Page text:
Until recently my body was in China, my mind in France, and my heart in the United States. Let me explain.
I apologize for having been silent for some time. My last post was actually written while in Changzhou, China. Drat these days of having to be so careful when one travels that one can’t shout from the rooftops “I’m in China!”
This post is not meant to be a travelogue. I’m sure stories of my time in China will come out in my posts, but I wanted to deal more with my writing while I was there. If you’re truly interested in more about our time there, may I refer you to an article I wrote about it for glo Magazine? http://www.the-papers.com/OnlineIssue.aspx?pub=glo (It’s on page 42.)
“How do you think your writing was affected by your trip?” I have been asked multiple times since returning. One of my friends has given me the perfect reply: “We’ll see.” She’s so right. How anything changes us often takes some time to reveal its effects. But I can say how lovely and fantastic the experience was!
The beauty of this retreat:
1. I did not have to do laundry.
2. No cleaning house.
3. No cooking. (That was a mixed bag as I actually like to cook.)
5. Staying in a five-star hotel. Very posh!
6. Being treated as if we were royalty by the hotel staff. They gave me a private writing space complete with an attendant who brought me drinks and snacks! Weekly fruit selections delivered! Nightly cookies! Surprise cake and desserts!
7. Amazing food generously supplied wherever we went. I now adore seafood and eating with chopsticks!
8. The gift of not being able to speak the language. This allowed me to focus on my writing, even when I was in a teahouse full of chattering people. The sound was mere music because I couldn’t understand a word! It also forced me to find other ways to communicate: hand gestures, drawings, etc.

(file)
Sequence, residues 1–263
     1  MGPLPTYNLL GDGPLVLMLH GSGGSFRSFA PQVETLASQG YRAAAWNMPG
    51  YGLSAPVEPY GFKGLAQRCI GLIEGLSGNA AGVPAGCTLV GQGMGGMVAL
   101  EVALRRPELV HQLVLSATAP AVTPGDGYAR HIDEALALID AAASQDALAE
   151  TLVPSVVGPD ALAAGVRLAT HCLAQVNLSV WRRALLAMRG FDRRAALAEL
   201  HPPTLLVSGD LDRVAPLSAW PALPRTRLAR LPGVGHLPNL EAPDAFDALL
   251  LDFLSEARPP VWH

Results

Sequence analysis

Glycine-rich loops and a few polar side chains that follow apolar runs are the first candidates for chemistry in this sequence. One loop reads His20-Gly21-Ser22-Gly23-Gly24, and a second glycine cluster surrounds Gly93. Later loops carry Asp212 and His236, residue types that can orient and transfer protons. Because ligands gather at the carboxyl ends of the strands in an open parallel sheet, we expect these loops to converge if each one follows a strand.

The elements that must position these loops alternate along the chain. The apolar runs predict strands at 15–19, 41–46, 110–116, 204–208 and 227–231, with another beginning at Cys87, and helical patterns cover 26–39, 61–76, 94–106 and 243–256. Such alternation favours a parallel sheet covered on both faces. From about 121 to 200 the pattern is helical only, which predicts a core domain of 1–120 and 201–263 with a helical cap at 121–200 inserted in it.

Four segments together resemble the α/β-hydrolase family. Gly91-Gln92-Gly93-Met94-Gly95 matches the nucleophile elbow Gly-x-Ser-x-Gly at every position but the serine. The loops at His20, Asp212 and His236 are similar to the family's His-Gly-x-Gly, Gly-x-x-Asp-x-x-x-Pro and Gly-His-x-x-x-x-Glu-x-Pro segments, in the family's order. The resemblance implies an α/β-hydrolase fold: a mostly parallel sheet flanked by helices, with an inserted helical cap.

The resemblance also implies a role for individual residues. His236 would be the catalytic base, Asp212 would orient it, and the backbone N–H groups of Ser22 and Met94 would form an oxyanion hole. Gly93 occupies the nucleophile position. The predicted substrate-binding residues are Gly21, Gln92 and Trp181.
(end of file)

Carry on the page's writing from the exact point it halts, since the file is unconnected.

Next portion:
9. Being fully appreciated by very sweet people for…well…everything! That I am a writer. That I am an American. That I am a blonde.
10. Sightseeing! Beijing. Shanghai. The architecture was spectacular. Always something new to see. Everywhere.
11. Buying pearls. In the above photo I am standing in front of the Oriental Pearl TV Tower…my favorite building in Shanghai, and I’m wearing the pearls Barry had newly purchased for me. (I’m having a hard time not wearing them every day! I’ve always been a fan of pearls.)
Clearly, I could go on at length. Let me shift gears.
My goal for writing in China (other than accompanying my husband, who was there for work) was to write a new section of my WIP. I had hoped to add 50 to 75 pages. I ended up writing over 100 new pages. There was something about writing in another country that allowed me to tap into something I did not at home. The section that I had no clue about in the States came to me bit by bit, then page after page. I wrote with pen and paper, something else I don’t usually do. It was wonderful to look up form a long morning’s writing only to realize that I was in China, not France.
Barry and I spent many fun evenings out with new friends, but we also had not only private evening dinners or room service, but we also had cherished hour-long breakfasts. We would sit and drink cup after cup of tea and talk, which thankfully emptied my mind for my day’s writing and energized him for the work day. It was perfect.
You wouldn’t think it would be any different, writing at a desk, sitting in a chair, or on a couch or a park bench, no matter the country, but it was. I honestly haven’t had much time to look over the new material I wrote while I was there, but I’m eager to see how it was different. In part I think there’s a real difference in writing not in stolen moments or almost as a hobby, but instead writing because the day was created for you to write, and everything in the universe confirms that, down to the weather. Everyone and everything seems as if it’s your handmaiden, your doula.
If you ever get the chance to take a writer’s retreat — even if you have to steal a weekend and go to a hotel, do it. There’s something special about purposely created moments. The muse, I am firmly convinced, is ever with us. (S)he’s just waiting for us to say hello, no matter the country in which we find ourselves. There’s something very comforting about knowing there’s a whole other world ever present, ever ready for us to tap. Here’s to catching buckets full of rich writing.
2 thoughts on “A Writer’s Retreat…in Changzhou, China!”
That sounds SO cool, Drema! I’m happy for you to have such an amazing experience. 🙂
It was, Danni. Just amazing. I was so thankful for the opportunity. But I’m still trying to return to real life. Lol.